Major league baseball players Scott Schoenewies and Troy Glaus recounted their roles in steroids and HGH use,prescribed by renegade physician Ramon Scruggs. Scruggs appears to be a significant source for illicit PEDs for a number of athletes. The information form the New York Times was found in federal documents preparing for a Scruggs prosecution.
A journeyman catcher, fearing he would not be able to support his wife and children if he lost his spot in the major leagues, reached out to the same doctor.
A pitcher who was feeling worn down followed the same path, but another pitcher who was plagued by fatigue found an alternative: he said a team doctor injected him with steroids.
Ok, now we have gotten over the human interest pity for the players, let's get to the heart of the story. The MLB players, despite knowing the drugs were illegal found a doctor who supplied them with illicit prescriptions. Forget the fact that there is no good research (especially at the time) of the regenerative porperties of the PEDs, it was simply illegal.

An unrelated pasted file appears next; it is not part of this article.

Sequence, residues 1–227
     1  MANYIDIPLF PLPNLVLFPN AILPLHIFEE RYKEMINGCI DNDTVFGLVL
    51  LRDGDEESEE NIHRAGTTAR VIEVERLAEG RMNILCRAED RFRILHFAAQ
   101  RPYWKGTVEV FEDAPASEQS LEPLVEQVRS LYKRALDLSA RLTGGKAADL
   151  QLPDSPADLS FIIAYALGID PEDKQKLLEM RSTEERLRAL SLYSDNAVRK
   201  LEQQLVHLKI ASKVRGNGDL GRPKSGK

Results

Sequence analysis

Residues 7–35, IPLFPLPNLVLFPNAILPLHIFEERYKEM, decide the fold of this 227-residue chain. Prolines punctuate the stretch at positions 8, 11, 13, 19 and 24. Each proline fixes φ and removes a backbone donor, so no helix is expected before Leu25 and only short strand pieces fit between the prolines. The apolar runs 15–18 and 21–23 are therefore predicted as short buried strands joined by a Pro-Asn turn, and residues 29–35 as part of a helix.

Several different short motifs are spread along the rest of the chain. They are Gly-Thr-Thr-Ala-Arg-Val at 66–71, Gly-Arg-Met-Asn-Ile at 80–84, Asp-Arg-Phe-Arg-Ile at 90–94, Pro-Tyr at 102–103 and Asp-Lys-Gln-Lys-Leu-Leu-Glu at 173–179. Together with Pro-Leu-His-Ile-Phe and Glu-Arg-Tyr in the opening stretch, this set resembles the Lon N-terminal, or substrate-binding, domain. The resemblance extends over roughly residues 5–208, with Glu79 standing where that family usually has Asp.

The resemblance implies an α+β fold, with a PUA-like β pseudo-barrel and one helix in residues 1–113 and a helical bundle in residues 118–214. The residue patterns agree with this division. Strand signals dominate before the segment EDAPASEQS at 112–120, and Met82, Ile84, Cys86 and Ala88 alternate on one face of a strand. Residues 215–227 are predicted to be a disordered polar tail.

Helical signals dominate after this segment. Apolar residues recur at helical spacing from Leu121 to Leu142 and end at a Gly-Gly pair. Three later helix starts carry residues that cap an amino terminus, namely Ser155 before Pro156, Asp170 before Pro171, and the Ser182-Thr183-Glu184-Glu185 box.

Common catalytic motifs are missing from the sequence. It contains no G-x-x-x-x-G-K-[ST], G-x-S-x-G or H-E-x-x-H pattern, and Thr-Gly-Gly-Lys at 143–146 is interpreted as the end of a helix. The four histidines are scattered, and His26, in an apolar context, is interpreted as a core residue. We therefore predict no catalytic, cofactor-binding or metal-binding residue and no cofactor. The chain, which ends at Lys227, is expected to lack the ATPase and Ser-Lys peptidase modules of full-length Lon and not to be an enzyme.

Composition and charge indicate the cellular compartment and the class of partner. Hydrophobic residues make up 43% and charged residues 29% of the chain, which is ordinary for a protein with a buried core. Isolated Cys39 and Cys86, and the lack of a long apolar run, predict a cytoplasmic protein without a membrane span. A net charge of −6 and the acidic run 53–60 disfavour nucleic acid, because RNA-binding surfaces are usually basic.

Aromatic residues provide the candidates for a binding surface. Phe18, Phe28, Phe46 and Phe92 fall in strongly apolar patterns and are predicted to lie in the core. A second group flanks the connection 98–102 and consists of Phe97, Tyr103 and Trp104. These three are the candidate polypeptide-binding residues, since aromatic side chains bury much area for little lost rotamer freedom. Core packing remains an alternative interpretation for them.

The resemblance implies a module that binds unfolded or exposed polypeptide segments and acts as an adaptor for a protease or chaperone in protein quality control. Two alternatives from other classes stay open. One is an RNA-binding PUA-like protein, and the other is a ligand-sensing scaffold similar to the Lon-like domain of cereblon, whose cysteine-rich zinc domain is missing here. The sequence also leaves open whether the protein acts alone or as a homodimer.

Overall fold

The account hints that Schoeneweis even used inside information on drug testing timelines because he was the player rep of the club, to avoid detection
Scruggs not only decides his own law, but his own interpretation of medical research:
Dude, increased strength makes you a better athlete. Basic.
Athletes and doctors may be involved, as well as agents. Wonder if the players thanked the agents for the great guidance.
Here is the way Scruggs worked:
There was a buzz about Scruggs’s name at the Texas Rangers’ spring training facility when Valdez, the pitcher, arrived after signing as a free agent before the 2002 season.
Valdez told the investigators he had pain in his shoulder and knee, and contacted Scruggs, who mailed him syringes filled with steroids.
Mail order medicine...